How will you use your money or other gifts?

What do you do for others?

Do you use your gifts, for example persistence, to help anyone other than yourself?

And finally, do your actions inspire others to dream more, learn more, do more, and become more?

For Mr. Marriott

This is The Power Seat Way!

Before I Can Become An Effective Leader

By Ron Miles, PCC

Thousands of books have been written about leadership. In a recent 10 year period 17,800 management journal articles were written about leadership. However, for many people, the first question is not, “How do I become an effective leader?”, but,” Who am I and what do I do with my life and career?”

In Mastering Leadership, Robert J. Anderson and William A. Adams, offer six leadership practices to become more effective in leadership. Using the first four, I’ve paraphrased them to make them more applicable to your immediate question of “who am I and what do I do”.

Life is purposeful. “First and foremost, find out what it is you’re about and be that” – Bennis, 1989.

Life is the ongoing discipline of translating purpose into a vision.

Transforming your purpose to a vision, will challenge how you think and act, perhaps in ways that are not supported by your current set of beliefs. It will require you to look internally, into the parts of yourself that are not yet ready to embody your vision – that are too small, too scared, too reactive, too controlling, to cautious, etc.


There is no safe way to be great. And there is no great way to be safe. Transformation requires courage. The courage required is not the courage required on the battlefield. You do not risk life and death, although it may feel that way at times. Mostly, the courage required is the courage to tell the truth, and most importantly to yourself.


So equipped with this information, what do you do?


Start by keeping a journal. The purpose is not so much to capture the events of the day, but to focus on your likes and dislikes. What are you passionate about? What gives you energy? What are you attracted to? What don’t you like? What zaps your energy? Practice paying attention to what your life is trying to tell you about whom you are and what you are here to be.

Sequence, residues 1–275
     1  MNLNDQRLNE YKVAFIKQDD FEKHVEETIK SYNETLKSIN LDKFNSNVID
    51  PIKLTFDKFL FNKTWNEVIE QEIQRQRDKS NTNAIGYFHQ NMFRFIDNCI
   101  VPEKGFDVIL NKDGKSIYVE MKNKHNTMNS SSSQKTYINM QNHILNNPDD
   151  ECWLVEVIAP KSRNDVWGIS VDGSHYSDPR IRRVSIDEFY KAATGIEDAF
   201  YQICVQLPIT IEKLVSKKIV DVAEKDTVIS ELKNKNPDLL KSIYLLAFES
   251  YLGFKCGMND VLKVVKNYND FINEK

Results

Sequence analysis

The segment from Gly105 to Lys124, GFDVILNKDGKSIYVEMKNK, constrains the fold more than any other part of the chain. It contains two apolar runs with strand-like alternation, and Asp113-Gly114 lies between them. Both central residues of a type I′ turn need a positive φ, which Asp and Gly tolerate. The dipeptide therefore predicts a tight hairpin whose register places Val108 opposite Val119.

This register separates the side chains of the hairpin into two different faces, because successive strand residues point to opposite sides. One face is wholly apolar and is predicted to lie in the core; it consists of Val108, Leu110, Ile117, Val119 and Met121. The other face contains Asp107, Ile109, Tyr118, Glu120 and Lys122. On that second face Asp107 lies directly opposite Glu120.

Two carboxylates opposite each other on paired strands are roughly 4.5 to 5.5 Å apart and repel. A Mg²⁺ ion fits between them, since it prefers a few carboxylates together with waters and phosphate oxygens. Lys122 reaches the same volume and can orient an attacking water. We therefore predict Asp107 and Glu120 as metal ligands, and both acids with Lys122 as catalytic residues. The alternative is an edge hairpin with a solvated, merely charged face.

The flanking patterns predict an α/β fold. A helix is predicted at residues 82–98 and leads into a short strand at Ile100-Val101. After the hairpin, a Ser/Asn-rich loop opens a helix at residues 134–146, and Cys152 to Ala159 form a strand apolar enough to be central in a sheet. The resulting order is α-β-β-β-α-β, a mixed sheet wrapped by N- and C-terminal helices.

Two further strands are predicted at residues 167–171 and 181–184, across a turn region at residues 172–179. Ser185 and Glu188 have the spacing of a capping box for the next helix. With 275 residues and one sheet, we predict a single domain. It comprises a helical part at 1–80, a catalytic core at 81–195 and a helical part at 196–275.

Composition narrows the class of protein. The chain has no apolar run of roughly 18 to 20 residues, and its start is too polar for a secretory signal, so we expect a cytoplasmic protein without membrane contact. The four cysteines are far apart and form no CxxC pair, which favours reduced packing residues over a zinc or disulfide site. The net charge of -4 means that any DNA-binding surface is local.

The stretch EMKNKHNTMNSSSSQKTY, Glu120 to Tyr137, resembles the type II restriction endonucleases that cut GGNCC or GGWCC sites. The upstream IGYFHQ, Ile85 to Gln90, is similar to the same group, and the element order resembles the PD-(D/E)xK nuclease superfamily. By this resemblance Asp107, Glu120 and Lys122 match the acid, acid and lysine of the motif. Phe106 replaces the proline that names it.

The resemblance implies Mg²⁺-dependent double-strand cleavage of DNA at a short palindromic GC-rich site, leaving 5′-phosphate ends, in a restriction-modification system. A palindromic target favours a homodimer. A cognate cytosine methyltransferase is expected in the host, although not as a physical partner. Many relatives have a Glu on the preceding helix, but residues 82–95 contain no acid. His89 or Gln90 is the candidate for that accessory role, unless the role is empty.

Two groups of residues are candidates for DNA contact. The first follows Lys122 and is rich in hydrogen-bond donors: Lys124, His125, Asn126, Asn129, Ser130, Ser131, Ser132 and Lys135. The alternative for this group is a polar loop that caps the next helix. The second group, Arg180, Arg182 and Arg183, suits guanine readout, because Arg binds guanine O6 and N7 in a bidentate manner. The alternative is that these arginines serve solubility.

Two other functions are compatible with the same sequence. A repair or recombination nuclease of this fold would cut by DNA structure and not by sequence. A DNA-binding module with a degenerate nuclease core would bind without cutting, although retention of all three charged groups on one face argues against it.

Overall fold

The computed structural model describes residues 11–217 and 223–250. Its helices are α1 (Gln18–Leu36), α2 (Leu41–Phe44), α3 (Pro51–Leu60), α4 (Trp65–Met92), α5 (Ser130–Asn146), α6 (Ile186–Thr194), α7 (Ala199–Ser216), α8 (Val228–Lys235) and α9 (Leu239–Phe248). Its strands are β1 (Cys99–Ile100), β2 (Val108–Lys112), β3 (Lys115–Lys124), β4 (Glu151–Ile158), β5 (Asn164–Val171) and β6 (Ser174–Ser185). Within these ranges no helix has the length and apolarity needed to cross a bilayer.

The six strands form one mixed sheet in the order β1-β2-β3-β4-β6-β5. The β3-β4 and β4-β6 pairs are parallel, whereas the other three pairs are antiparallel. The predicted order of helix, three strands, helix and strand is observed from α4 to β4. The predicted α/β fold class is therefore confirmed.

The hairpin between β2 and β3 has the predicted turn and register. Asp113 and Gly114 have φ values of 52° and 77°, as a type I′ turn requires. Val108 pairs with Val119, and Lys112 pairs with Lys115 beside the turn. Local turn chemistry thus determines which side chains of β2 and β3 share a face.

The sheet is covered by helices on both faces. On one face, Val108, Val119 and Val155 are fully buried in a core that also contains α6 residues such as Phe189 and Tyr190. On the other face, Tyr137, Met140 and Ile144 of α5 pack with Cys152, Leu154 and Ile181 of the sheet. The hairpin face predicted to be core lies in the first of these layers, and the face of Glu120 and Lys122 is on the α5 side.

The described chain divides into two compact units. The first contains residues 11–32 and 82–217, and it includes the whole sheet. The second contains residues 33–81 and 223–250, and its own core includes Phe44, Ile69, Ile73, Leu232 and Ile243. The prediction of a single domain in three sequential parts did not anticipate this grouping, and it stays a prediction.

Create a list of MUSTS – the deepest and highest aspirations for your life. Capture your thoughts as they come. Don’t get caught up in the significance or lack of, or if it’s impossible or trivial; write it. On a regular basis review what you’ve written and refine it as you move forward. With this practice and with patience you will be able to formalize what you want your life to be.

As an example, you’ve come to realize you enjoy technical fields and have a keen interest in renewable energy. But, you didn’t complete college and you can’t afford to quit your job.


Having established your purpose, what you want your life to be about, it must be transformed in to a vision. Again, using your journal, start writing about what you want your future to look like. Make it specific enough to set your direction, drive you action and guide you on how to make decisions.

Continuing our example, your vision is to get your college degree in engineering and get a job in the renewable energy sector. Your vision becomes to complete this in three years. It’s specific, sets your direction, drives your action and guides you on how to make decisions.


As you begin to set your direction, the status quo of who you are and how you live is immediately challenged. Suddenly your current set of beliefs that are too small, too scared, too reactive, too controlling, to cautious, etc. don’t align.

In our example what’s going on inside – excited, energized, scared, self doubt, insecure, foolish, regret, etc. For some the journey begins, for you the only word to describe it is STUCK! Faced with the unknown, you linger in your safe world.


To move forward requires courage. You must start with authentic, courageous dialogue with yourself. Go back to your journal and start laying out your action plan. Pay particular attention to your emotions and feelings. Name them, i.e. I’m not smart enough (fear), how will I pay my bills (anxiety), etc, and write them down.